Even if we’re in the heyday of folks making exorbitant amounts of money for streaming video games and getting featured as the cover star of sports magazines, historically speaking, video games and gamers have gotten very little respect. Especially from parents. You know how they were (or maybe, how you are), getting mad that those kids are always on The Nintendo (whether the system is actually made by Nintendo doesn’t matter, it’s just The Nintendo). A new study, however, reveals playing video games might actually be good for kids.
Researchers at the JAMA Open Network journal found children who played video games for 21 hours per week had better cognitive performance and working memory than those who did not. The study didn’t distinguish what types of games were played by the kids, but its lead author Bader Chaarani told CNN that most of them opted for first-person shooters and action-adventure games.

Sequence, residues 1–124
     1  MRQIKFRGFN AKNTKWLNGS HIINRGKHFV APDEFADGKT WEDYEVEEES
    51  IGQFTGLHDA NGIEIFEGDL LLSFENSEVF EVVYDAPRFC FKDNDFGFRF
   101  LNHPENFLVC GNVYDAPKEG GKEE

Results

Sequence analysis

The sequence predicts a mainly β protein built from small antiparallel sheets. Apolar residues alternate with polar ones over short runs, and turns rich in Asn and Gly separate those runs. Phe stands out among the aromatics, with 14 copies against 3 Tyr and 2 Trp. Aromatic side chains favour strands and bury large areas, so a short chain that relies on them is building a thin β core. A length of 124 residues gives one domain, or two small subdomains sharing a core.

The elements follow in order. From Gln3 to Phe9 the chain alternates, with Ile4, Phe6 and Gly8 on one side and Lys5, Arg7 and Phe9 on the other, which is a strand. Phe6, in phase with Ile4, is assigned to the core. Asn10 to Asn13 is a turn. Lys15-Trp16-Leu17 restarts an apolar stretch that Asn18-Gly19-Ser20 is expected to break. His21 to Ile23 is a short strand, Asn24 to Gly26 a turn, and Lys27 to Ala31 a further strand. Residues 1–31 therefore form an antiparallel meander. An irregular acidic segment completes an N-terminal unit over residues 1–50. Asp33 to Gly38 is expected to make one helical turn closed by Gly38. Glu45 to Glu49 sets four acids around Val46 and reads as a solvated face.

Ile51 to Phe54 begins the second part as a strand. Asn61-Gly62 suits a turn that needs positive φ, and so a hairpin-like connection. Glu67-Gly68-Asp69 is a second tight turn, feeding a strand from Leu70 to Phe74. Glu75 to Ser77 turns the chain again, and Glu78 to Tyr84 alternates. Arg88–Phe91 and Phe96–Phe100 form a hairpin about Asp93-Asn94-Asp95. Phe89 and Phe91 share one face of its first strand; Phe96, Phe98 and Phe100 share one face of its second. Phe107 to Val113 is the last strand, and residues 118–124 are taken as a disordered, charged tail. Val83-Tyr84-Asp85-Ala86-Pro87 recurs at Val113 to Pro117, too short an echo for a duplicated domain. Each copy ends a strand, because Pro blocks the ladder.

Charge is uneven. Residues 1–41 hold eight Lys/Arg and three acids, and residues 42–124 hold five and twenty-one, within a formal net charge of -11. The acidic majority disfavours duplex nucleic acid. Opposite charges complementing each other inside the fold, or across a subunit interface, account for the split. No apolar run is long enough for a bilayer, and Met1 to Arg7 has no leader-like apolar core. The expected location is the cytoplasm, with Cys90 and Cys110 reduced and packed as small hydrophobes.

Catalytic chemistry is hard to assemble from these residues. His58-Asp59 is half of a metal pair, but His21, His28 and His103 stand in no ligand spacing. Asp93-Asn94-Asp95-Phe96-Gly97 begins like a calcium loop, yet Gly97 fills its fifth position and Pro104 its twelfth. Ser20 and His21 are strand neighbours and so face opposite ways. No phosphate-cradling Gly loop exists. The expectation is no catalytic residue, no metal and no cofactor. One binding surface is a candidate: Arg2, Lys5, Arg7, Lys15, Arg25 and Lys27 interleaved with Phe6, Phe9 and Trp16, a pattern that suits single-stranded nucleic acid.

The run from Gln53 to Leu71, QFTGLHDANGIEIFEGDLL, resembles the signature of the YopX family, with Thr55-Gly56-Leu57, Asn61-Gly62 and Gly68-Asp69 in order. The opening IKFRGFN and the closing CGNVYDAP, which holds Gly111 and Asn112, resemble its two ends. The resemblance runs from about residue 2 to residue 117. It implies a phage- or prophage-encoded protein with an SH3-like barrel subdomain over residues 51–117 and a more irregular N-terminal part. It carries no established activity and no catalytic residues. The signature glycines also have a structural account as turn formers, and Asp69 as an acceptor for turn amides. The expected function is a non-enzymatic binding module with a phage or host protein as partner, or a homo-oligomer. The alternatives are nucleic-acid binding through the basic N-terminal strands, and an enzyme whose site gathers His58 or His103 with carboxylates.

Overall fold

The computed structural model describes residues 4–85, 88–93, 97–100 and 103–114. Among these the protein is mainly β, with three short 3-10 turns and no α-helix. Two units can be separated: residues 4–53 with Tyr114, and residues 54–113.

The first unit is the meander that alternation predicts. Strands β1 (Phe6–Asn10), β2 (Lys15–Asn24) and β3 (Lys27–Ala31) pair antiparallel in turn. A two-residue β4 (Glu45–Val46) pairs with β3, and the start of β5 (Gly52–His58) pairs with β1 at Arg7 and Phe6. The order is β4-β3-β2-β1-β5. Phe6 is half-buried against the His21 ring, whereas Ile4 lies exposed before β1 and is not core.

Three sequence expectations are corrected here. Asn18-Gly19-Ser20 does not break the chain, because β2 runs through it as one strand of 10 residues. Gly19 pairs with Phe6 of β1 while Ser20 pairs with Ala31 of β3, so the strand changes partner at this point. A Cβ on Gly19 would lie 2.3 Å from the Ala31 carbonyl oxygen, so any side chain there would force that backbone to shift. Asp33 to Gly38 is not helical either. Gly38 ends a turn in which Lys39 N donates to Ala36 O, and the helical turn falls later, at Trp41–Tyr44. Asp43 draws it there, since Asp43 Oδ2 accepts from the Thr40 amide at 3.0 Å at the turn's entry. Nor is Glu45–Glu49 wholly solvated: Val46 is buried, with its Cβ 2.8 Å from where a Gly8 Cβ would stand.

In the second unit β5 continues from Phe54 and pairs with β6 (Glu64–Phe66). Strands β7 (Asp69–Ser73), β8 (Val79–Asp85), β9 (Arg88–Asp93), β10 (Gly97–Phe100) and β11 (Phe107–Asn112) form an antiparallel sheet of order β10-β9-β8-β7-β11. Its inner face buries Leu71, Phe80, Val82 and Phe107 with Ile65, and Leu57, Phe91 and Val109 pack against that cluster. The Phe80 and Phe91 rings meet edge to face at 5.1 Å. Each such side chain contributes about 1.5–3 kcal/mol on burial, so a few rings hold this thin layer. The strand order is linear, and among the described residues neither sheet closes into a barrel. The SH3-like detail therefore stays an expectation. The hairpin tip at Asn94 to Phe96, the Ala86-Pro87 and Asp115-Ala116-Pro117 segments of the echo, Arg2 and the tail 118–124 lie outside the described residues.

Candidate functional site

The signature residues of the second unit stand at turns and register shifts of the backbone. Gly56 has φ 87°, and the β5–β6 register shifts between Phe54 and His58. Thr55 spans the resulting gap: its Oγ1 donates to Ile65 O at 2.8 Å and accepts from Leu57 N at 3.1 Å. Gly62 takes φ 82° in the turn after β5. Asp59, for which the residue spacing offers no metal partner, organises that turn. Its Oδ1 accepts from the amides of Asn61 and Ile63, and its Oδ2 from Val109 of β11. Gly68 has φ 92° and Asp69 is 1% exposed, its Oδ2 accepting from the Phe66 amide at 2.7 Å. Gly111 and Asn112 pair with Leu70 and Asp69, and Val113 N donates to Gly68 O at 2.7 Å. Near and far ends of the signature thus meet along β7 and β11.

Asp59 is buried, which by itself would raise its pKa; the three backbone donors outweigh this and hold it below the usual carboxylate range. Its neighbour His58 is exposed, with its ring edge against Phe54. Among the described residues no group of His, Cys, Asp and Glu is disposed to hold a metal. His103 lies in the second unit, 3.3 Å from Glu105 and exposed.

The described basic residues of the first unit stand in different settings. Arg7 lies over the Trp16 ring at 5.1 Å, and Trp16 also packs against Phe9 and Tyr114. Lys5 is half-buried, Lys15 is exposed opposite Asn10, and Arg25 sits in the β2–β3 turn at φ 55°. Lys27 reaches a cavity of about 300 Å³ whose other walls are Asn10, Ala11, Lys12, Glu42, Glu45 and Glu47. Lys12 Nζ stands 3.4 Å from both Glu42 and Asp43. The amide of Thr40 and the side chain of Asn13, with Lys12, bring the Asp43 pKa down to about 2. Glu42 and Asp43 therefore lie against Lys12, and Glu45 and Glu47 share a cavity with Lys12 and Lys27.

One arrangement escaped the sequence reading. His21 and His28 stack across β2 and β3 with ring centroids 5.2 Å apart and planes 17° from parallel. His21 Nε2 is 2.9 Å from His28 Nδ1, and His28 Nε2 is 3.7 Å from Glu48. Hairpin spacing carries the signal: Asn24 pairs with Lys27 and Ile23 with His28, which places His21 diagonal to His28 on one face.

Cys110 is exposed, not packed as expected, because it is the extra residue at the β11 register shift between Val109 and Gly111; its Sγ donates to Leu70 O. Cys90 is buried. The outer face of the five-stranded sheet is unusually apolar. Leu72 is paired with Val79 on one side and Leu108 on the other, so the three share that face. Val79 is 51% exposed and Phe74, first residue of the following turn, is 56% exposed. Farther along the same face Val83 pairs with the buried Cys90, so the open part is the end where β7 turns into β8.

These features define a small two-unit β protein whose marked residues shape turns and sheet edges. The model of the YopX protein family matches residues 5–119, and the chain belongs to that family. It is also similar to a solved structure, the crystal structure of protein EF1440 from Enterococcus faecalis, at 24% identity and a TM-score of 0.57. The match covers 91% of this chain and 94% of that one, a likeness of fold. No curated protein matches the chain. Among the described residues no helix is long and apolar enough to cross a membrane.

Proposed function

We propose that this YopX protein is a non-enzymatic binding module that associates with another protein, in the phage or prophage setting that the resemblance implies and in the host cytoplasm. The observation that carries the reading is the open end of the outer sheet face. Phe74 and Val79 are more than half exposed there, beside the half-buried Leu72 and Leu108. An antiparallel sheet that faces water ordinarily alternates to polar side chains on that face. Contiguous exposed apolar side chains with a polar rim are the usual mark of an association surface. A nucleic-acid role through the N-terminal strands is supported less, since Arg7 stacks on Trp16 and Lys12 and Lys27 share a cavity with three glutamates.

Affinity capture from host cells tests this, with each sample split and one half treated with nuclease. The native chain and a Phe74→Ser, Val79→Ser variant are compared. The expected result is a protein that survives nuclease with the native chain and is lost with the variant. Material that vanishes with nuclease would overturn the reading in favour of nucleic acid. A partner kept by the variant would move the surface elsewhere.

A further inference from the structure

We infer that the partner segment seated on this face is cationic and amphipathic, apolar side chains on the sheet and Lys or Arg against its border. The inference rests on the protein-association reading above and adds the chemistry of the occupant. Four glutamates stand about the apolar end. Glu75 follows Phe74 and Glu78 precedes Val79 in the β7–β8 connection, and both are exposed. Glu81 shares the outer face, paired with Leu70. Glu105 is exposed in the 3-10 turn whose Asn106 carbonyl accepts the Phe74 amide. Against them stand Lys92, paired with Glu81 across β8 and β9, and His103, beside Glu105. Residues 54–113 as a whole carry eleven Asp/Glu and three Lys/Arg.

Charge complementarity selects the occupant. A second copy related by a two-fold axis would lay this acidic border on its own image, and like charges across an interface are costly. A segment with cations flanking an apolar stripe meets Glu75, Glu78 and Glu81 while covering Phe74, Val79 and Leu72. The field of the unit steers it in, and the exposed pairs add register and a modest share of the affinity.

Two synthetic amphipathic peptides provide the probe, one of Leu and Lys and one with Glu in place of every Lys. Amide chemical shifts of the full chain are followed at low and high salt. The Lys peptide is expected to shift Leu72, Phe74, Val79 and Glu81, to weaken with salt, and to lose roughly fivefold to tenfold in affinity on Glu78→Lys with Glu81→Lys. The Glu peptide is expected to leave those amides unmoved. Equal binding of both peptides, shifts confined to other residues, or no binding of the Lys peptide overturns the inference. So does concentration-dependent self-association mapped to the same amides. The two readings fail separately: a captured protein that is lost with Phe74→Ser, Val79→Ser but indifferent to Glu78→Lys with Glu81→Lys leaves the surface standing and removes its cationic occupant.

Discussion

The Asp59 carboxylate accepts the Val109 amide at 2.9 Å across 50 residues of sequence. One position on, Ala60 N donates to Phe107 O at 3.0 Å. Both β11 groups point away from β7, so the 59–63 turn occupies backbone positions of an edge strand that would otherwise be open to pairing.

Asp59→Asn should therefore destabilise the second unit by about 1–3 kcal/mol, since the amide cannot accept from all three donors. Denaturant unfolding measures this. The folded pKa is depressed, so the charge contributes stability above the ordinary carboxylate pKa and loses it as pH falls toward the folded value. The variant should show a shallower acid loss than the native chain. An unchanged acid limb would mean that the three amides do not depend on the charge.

This isn’t the first time the scientific method was deployed to find out if video games help improve cognitive ability, but it’s the largest sample size yet. This study featured data from nearly 2,000 9- and 10-year-olds from the Adolescent Brain Cognitive Development (ABCD) Study. The ABCD Study is the largest long-term study of brain development and child health in the United States, made up of 11,800 kids.
Other studies have also concluded playing video games in moderation can improve mental health. So, maybe The Nintendo ain’t all that bad, MOM!
Let’s not go too far. I don’t want to sound like a crank or an apple falling not too far from the tree, but the kids need to go outside, too. When I was a youth, we played Pokémon, Super Smash Brothers, Madden, and Mario Party, but we also went outside and hit each other with sticks, had snowball fights, shot hoops, played backyard football, and rode bikes. We did a healthy dose of both. That’s why millennials are the greatest generation: We touched grass, and we waxed that ass on the sticks.